As soon as Wednesday, the European Union’s chief anti-trust regulator is expected to file charges accusing Russian oil and gas giant Gazprom of anti-competitive behavior, including artificially inflating prices and blocking other companies from competing effectively in the European market for natural gas.
The news represents another blow to a Russian economy that, while showing signs of recovery in recent weeks, is still expected to enter recession this year as plunging oil prices, a debased ruble and a broad regime of international sanctions continue to exact a heavy toll.
The announcement of the charges will likely come from Margrethe Vestager, the Danish politician currently serving as the European Commissioner for Competition, who announced charges of anti-competitive behavior against U.S.-based Internet search giant Google last week.
Vestager’s commission is expected to cite the Russian company for multiple efforts to thwart competitors and inflate prices. According to media reports, she will allege that Gazprom illegally blocked countries from re-exporting gas it had already purchased, and that it created pricing structures that artificially inflated what customers paid for gas.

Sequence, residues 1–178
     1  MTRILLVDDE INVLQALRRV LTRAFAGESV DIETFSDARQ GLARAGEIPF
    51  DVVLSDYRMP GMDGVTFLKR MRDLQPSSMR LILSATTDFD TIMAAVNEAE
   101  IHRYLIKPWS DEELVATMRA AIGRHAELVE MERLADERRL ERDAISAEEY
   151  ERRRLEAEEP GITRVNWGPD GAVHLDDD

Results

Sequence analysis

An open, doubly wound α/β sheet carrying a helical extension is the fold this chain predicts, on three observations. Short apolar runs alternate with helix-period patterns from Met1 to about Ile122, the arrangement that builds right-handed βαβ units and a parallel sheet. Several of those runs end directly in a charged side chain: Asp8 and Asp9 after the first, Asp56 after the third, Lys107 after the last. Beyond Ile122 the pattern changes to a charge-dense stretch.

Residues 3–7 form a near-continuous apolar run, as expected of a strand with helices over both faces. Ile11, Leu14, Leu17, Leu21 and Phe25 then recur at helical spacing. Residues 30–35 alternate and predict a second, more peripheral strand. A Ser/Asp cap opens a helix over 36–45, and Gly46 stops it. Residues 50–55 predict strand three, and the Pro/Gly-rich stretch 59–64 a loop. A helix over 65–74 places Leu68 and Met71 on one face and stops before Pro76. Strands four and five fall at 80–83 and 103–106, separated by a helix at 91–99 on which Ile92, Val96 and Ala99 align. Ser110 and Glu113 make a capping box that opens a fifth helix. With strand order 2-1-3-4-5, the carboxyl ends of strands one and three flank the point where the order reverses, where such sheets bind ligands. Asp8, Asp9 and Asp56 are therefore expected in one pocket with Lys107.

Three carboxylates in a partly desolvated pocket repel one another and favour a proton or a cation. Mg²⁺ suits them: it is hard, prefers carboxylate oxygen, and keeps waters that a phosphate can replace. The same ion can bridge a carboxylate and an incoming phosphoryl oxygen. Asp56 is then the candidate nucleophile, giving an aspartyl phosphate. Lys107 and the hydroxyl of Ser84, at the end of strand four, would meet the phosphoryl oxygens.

The charges could result in billions of dollars in fines and a requirement that, in order to continue doing business in Europe, its largest foreign market, Gazprom make itself more transparent and stop blocking the resale of its gas.
Russia has long used Gazprom as an extension of the Kremlin’s political will, by offering favorable pricing arrangements in exchange for preferred policy stances and using price hikes, or the threat of being cut off, as punishment.
Charges against the company might have come sooner except that EU officials were reportedly reluctant to further antagonize Russia during the peace talks that ultimately led to the shaky truce now being observed in Ukraine.
The Russian government will almost certainly see the move as antagonistic. In a number of public appearances over the past year, Putin has regularly accused Western governments of conspiring to harm the Russian economy and to check Russia’s growing assertiveness in Eastern Europe and elsewhere. But the EU punishing Gazprom will be more than just an embarrassment for the Kremlin. The Russian government owns more than half of the company’s shares, and benefits not just from the billions in profits it generates, but also from the billion it pays in taxes.
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